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Lockie Hunter posted an event
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Juniper Bends and Topside Press present: Where We're Going We Don't Need Roads at The Crow & Quill

October 8, 2014 from 8pm to 10pm
This fall the best new transgender fiction is going on a road trip! Topside Press authors Casey Plett (author of A Safe Girl To Love) and Sybil Lamb (author of I’ve Got A Time Bomb) will be crisscrossing Canada and the United-States. Asheville is hosting these Topside authors with the help of Juniper Bends Reading Series, and The Crow & Quill. Join us on Wednesday, October 8th at 8 pm to hear the work of these two …See More
yesterday
Randolph Wilson replied to Rob Neufeld's discussion Place-names salute us in a revised gazetteer
"I was born on Bill's Creek...the son of Roland and Jeanette Frady Wilson. I spent my first 18 years on the old Frady farm on Bill's Creek. We lived with my Grandfather and Grandmother....Dewey Frady and Diza Hall Frady. I remember…"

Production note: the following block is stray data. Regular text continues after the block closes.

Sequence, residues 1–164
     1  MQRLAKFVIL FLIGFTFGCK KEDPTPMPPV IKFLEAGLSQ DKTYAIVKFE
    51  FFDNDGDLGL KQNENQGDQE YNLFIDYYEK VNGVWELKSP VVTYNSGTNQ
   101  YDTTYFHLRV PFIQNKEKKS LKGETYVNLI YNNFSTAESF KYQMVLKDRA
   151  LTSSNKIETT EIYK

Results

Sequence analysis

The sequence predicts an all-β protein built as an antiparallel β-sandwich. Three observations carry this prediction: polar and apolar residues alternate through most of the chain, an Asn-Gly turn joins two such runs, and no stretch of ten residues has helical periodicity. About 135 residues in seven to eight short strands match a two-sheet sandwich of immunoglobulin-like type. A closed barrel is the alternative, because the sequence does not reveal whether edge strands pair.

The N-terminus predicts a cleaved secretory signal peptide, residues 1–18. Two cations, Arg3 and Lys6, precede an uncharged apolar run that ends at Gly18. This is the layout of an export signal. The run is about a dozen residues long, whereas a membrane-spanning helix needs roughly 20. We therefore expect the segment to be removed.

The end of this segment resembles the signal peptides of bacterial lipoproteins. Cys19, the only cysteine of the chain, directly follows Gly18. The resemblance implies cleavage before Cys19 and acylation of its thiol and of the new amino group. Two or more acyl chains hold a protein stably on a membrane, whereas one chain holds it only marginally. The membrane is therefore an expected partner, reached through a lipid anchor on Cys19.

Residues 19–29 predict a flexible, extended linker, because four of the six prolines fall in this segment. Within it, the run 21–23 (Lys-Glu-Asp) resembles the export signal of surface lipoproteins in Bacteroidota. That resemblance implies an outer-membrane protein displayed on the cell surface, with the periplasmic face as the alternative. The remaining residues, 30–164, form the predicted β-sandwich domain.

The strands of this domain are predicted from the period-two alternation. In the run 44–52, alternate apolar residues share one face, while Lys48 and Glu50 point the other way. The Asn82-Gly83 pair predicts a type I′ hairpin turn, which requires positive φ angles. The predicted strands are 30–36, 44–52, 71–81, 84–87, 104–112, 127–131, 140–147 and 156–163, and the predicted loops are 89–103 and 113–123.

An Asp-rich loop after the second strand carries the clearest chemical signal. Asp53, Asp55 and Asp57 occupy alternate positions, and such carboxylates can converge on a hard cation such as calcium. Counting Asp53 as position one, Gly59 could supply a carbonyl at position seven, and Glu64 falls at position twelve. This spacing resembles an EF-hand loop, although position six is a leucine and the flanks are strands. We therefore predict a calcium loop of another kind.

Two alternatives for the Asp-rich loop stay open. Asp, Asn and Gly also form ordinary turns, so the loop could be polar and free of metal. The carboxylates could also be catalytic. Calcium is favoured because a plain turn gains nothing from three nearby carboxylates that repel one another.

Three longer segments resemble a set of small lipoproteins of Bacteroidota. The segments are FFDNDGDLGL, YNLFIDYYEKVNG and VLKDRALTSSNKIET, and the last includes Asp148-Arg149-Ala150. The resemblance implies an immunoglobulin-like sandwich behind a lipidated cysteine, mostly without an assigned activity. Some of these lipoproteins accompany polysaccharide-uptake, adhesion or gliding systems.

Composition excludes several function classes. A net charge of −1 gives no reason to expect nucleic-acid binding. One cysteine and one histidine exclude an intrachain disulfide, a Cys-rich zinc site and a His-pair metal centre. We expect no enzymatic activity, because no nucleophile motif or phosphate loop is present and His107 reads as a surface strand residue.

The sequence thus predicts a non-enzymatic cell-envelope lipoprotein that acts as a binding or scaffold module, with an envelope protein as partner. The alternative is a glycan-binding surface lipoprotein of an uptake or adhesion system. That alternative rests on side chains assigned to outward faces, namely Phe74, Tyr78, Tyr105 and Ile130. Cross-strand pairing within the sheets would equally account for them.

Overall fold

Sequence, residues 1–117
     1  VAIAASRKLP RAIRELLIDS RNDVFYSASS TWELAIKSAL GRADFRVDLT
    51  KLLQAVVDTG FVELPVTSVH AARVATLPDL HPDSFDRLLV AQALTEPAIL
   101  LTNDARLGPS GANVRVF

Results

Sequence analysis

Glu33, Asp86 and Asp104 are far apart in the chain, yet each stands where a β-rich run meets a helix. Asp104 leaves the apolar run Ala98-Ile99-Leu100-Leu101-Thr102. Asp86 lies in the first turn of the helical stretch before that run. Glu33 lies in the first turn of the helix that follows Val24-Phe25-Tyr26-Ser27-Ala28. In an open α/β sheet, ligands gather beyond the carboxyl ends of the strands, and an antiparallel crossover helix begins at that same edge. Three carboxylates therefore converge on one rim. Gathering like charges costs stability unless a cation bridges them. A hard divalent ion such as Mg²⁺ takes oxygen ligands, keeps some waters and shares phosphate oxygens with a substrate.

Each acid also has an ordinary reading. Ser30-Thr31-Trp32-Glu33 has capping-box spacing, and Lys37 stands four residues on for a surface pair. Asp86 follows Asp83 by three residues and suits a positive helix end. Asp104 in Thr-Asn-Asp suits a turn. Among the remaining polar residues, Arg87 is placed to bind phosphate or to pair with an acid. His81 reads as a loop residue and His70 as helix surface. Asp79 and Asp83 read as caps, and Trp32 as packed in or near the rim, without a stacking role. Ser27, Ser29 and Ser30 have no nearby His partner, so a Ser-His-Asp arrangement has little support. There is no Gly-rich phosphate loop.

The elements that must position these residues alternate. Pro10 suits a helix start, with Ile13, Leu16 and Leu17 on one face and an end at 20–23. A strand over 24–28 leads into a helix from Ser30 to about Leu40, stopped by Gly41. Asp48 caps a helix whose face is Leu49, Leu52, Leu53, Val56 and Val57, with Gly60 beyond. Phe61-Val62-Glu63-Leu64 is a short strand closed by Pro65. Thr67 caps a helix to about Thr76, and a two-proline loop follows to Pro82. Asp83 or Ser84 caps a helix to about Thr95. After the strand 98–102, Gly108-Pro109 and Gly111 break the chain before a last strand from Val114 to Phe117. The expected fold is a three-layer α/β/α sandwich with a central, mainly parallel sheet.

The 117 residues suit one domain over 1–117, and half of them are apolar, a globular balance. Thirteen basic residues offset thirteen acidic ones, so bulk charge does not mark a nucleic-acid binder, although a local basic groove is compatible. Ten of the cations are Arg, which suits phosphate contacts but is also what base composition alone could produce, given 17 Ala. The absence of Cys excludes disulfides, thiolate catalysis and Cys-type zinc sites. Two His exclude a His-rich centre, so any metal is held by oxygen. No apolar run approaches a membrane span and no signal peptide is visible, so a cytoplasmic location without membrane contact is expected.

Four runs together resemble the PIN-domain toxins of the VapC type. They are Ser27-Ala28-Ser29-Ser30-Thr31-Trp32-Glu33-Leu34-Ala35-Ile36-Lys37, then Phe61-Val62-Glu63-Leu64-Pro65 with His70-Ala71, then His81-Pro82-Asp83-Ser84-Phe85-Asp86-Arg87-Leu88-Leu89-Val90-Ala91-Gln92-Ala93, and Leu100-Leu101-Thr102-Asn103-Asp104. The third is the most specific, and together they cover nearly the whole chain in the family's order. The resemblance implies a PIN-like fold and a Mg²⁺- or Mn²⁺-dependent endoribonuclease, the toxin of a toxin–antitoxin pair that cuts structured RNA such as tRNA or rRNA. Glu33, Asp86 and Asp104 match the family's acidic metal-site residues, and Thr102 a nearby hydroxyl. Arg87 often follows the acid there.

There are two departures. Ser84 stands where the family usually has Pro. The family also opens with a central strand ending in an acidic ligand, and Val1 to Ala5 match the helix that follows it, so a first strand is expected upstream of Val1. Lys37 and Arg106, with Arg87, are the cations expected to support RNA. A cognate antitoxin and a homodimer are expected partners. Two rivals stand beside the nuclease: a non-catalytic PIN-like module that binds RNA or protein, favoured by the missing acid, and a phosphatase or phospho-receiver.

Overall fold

yesterday
City Lights Bookstore posted events
Saturday
Sue Diehl posted an event

Rose Senehi with Montreat College Friends of the Library at Bell Library at Montreat College

November 2, 2014 from 3pm to 5pm
Rose Senehi, author of Dancing on Rocks, will discuss her most recent novel in the Blue Ridge Mountain series on Sunday afternoon, November 2, 2014 at 3:00 p.m in Montreat College Bell Library.  Public is invited. Refreshments will be served.See More
Thursday
Rob Neufeld posted a discussion

A contemporary tour of Asheville 1916

Walk through Asheville, spring 1916by Rob Neufeld                       You will be impressed by how clean the streets are.  It wasn’t that way twenty years earlier, when Patton Ave. got muddy in wet weather; horses had to be swept after; and women feared going downtown because their long skirts…See More
Sep 23
Doris Anne Beaulieu posted a blog post

Vintage Postal Stamp ( Poem )

Vintage Postal Stamp ( Poem )Turn of the century Vintage Stamps Traceable history make value enhancePrices get higher as the years go by Dream of finding one valued so highExtremely fine with the perfect gum Designer flaws bring high premiumFamous from error illustration Collection of art inspirationWe are crazy for detailed graphics Finding rare depends on the marketsUnused are the old collectibles Their worth can be unbelievableView history with a new focus My playlist is something to…See More
Sep 23
Doris Anne Beaulieu posted a blog post

Harnees Racing ( Poem )